Have realistic expectations about the construction process

If managing a construction project were easy, you would do it yourself, right? The truth is that managing the innumerable moving parts on a jobsite is both an art and a science. The goal of every contractor working today is to manage the costs, schedule and quality of a project within the bounds of the client.

Great construction companies set themselves apart by managing the construction process in a manner that is low-stress to you, the owner. A big part of that is helping owners understand that yes, things will go wrong, but that they have a solid team working to correct issues, both large and small, in real time. Every project will face some sort of challenge during construction; there is simply no way around it. Good general contractors are defined by how they handle and communicate solutions to these challenges. During design, your architect-contractor team understands your vision and priorities (because you took tips No. 1 and No. 2 seriously), so you should expect them to come up with creative proactive solutions to the challenges that arise on your project. They are experts who want to give you what you want, but they will be seriously limited if you aren’t willing to let them explore some options to meet your needs.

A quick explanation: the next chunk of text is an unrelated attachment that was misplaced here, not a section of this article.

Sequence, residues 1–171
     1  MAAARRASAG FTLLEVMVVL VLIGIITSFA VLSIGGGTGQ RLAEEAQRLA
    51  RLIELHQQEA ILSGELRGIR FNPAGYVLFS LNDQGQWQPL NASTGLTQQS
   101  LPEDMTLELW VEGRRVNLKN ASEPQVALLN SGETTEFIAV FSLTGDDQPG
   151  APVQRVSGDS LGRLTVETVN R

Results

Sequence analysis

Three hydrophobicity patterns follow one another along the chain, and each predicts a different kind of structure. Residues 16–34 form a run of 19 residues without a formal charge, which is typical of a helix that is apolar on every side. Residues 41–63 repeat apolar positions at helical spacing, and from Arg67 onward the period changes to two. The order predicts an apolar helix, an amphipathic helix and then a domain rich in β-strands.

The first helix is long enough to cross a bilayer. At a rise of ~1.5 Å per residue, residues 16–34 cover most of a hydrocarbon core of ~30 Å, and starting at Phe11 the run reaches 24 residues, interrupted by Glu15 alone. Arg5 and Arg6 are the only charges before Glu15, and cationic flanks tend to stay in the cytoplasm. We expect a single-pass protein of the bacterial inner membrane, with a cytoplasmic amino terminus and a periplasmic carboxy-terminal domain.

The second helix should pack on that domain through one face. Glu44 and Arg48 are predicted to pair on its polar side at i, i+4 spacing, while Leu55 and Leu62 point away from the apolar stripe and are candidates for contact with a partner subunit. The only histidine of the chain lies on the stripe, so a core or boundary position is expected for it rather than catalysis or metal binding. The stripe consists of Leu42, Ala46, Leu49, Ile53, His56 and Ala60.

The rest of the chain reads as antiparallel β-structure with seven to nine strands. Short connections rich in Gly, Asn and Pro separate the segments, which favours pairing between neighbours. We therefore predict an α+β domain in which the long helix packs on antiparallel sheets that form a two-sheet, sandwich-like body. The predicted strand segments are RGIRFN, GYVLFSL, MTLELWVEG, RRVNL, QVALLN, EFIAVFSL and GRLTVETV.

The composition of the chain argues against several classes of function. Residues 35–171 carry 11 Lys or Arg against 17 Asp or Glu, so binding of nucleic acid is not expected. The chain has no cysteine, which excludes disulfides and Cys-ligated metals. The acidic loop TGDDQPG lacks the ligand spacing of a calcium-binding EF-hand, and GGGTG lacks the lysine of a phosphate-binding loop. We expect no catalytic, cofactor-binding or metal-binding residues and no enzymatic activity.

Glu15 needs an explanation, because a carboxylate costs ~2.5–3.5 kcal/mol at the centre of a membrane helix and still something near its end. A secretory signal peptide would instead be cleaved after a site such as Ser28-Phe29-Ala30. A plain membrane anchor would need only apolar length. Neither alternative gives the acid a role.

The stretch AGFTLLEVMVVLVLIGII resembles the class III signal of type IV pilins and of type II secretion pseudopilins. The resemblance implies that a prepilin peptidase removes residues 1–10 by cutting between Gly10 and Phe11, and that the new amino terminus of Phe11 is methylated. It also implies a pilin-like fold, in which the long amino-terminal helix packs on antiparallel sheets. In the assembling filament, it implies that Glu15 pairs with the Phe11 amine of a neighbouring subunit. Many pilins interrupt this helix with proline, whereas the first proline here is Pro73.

The best general contractors will bring solutions to the table and approach them with a team spirit, asking for input from all the owner, architect and subcontractor team members.  Having the expectation that a project will have challenges is realistic, but expecting your general contractor to help solve the challenge in a proactive teaming approach is an equally realistic expectation.

Eric Stratford is the director of preconstruction and business development at R&O Construction in Ogden, a general contractor that deals in light commercial, multi-family, warehouse, retail, municipal, education and government projects.